COVID-19: managing the pandemic in 2021
As the global pandemic stretches into 2021, it is one that has had a markedly different impact for our four research countries. But we are seeing that this could potentially reverse 20 years of progress when it comes to combating existing inequalities. Next week, Young Lives will publish the final round of findings from our Phone Survey calls into COVID-19’s impact on young people in India, Peru, Vietnam and Ethiopia. Before this our Country Directors offer an update on the pandemic’s impact and the long-term response from their respective governments.
The state of COVID-19 in our Research Countries
The country with the second highest number of cases with over 10.8 million, India now has 155,195 associated deaths. But there is a significantly lower total cases per million, 7,814, then other countries with similarly high case totals.
Peru continues to grapple with an extensive COVID-19 pandemic, with over 42,000 deaths, with a death rate of 1.277 per million people, an increase since our last blog in November.
Having maintained a place in the global response as a successful model for how to combat COVID-19, Vietnam has seen an uptick in cases recently, with 543 active cases. But with 35 deaths, its fatalities per million rate still stands at 0.4 and it is ranked 172nd in the world for cases.
Ranking 6th in Africa and 71st in the world, the situation in Ethiopia remains better then many of its peers. There have been 142,994 cases and 2,156 deaths (at a rate of 18 per million).
Managing a global pandemic
India appears to have successfully flattened its curve, with a drop from nearly 100,000 new cases a day in September 2020, to a current rate of between 9-11,000, a fatality down to 1.4% from 3.4% in the middle of June. India has two locally produced vaccines and was the first country to hit the 5 million COVID-19 vaccination mark. Cinema halls have now been allowed to open at full capacity and secondary schools have reopened across the country.
There exists a major concern with the high levels of unemployed that exists in the country, with three-quarters of employment in India being non-regular (either self-employed or casual work). Sectors such as agriculture, manufacturing, construction, trade, hotels and restaurants collectively make up nearly 80% of India’s work force and have been particularly vulnerable to the effects of the pandemic and lockdown.
Vietnam has seen the introduction of new measures following the detection of the UK-variant in a patient returning from the United Kingdom. This has included a stricter quarantine policy and schools ordered to shut one ahead of schedule for the Lunar New Year Festival. This has felt particularly vital as new cases have been registered across 12 cities and provinces, since a pair of new community infections were confirmed on January 28th in the provinces of Hai Duong and Quang Ninh.
Testing capacity has been strengthened and extra health facilities are being reinforced in provinces. Major events and festivities for the New Year have been cancelled, whilst local lockdowns and travel restrictions between provinces have been introduced to limit the spread of the infections.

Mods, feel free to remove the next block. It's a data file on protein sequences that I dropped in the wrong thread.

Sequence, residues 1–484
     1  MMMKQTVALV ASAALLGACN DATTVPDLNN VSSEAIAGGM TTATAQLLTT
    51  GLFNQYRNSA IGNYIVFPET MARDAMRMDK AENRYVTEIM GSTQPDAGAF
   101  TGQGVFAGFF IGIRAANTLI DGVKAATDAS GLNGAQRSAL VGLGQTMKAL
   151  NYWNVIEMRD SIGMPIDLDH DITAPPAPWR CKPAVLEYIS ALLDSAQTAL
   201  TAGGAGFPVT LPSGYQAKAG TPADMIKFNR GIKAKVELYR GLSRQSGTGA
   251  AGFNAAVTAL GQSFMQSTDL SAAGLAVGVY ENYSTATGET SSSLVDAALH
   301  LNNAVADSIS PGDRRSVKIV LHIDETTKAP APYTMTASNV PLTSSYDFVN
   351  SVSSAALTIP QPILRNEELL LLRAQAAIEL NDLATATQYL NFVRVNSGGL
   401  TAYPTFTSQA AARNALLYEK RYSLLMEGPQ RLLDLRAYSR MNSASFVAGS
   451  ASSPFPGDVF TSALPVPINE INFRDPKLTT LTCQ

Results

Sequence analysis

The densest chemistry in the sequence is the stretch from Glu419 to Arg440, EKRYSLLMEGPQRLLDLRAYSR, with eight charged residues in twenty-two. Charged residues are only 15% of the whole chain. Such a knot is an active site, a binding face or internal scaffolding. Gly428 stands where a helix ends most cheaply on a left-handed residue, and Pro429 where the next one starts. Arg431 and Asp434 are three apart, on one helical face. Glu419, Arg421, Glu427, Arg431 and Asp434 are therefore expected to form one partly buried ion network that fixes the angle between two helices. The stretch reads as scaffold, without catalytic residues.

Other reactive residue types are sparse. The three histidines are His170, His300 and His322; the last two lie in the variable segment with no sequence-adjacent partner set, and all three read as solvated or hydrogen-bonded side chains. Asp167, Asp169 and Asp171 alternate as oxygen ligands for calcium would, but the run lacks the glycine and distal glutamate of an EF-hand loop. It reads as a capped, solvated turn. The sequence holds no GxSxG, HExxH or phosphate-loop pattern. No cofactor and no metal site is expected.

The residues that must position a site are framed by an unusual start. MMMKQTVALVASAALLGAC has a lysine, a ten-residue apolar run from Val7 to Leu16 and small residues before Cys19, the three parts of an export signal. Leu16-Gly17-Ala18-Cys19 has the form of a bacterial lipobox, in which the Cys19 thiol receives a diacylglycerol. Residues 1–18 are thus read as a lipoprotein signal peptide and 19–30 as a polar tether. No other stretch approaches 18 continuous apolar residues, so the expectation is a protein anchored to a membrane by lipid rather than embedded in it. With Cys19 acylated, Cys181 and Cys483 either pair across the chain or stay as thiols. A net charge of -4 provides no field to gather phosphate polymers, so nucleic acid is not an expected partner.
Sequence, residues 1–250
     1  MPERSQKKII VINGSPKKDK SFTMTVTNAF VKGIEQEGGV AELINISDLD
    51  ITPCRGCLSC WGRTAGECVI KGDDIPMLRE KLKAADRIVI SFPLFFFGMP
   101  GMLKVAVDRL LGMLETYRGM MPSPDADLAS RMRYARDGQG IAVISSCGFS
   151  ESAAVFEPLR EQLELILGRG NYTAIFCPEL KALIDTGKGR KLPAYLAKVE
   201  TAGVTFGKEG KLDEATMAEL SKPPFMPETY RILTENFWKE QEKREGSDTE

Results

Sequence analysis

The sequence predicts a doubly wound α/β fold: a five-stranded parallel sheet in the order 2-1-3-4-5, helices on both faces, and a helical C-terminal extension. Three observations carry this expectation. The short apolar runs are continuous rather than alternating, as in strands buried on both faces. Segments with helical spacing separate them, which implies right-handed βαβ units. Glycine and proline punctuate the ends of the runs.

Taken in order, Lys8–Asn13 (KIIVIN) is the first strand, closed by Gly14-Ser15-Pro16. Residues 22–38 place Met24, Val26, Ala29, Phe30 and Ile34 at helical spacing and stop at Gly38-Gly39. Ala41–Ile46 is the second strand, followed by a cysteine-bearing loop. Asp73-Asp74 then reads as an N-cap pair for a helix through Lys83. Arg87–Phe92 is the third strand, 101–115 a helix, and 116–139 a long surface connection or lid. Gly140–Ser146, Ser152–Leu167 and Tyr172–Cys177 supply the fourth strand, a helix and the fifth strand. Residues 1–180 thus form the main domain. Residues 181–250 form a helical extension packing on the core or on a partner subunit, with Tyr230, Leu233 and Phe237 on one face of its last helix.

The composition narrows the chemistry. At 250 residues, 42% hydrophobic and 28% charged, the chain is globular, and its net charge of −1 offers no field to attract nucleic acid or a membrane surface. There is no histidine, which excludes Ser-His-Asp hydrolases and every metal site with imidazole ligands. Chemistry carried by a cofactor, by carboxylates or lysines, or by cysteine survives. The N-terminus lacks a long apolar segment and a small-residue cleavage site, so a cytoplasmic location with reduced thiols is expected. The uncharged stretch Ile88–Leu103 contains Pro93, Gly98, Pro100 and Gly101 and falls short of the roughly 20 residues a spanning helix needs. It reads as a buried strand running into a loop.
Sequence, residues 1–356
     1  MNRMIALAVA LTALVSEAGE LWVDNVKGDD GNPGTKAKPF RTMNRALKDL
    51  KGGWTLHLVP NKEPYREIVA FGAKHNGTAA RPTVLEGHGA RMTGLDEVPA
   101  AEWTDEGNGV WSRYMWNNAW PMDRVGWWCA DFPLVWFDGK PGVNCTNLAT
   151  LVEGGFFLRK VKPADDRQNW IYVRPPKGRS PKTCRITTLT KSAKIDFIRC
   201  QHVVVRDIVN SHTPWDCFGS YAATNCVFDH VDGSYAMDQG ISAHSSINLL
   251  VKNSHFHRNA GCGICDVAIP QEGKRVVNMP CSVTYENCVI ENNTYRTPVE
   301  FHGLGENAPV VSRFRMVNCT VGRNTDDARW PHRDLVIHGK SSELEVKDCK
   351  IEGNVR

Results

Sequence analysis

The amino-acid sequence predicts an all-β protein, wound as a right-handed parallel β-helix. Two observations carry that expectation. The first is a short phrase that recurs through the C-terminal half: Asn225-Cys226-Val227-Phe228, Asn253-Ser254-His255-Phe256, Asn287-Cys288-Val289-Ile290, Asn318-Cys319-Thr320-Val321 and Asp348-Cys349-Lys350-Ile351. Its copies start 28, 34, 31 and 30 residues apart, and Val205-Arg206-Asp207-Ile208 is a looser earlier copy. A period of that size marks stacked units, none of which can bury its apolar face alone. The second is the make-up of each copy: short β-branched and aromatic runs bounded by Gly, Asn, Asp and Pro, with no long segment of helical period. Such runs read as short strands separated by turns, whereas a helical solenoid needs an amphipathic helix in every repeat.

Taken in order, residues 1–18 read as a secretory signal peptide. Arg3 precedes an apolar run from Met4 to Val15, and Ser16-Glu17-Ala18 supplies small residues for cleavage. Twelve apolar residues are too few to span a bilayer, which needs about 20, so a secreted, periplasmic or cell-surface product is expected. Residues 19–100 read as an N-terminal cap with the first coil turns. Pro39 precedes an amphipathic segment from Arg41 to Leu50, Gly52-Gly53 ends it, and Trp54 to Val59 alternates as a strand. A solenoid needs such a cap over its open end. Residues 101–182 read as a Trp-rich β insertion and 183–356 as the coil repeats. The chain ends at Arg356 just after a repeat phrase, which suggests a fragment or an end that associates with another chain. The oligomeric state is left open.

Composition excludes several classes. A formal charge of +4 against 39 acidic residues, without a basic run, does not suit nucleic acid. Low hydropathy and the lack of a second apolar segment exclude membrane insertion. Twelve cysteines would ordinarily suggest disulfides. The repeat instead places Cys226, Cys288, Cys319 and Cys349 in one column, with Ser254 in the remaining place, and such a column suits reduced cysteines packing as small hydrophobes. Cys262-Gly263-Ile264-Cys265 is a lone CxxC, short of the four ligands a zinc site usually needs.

Whilst ranks 71st in the world and 5th in Africa, it is believed that are high proportion of cases are either being missed through low testing rates (down to roughly 5000 per day), are asymptomatic or aren’t ending in the health care system as people avoid using services unless their symptoms are severe. These factors, along with the significant lag time in Ethiopia’s numbers compared to around the world, increase the fear of a second wave, particularly as the positivity rate has creeped up to over 10 percent.
The Ministry of Health and the Ethiopia Public Health continue to raise awareness of the restrictions in place (notably with protection messages before every single mobile phone call). But fatigue has set in with regards to mask wearing and hand washing, and social distancing not practised in places like markets bus stops and places of worship. Outside of the capital city there is little observation of these practises. Added to this are the relaxation of some of initial relaxations, with an encouragement to go to work whilst taking the necessary precautions. Schools, colleges and universities have gradually begun to resume classes.
Renu Singh – Country Director, India
‘Even though the country continues to be second-most-affected globally, and ranks 13th among worst-hit nations by active cases, there is global wonderment at how India has managed to dramatically lower the spread of infection and case fatality rates.’
Santiago Cueto – Country Director, Peru
Alula Pankhurst – Country Director, Ethiopia
‘If the early signs that a second wave may be happening continue to increase, there is a serious risk that the country’s already overstretched health system could be overwhelmed.’
Nguyen Thang, Country Director, Vietnam
‘As the world entered 2021 with unprecedented death tolls and growing infections related to the coronavirus pandemic, Vietnam still emerged among one of the very few countries which were able to maintain a very positive scorecard.’
Headline reports from the Third Call of Young Lives at Work’s Phone Call Survey in Ethiopia, India, Peru and Vietnam will be published on 23rd February. Young Lives At Work (YLAW) is funded by the UK's Foreign, Commonwealth & Development Office. For more on YLAW, please see our webpage or follow us on Twitter @yloxford, LinkedIn or Facebook.
Photo credit: © Young Lives / x. The images throughout our publications are of children living in circumstances and communities similar to the children within our study sample.
All COVID-19 figures are accurate as of x and are sourced from here.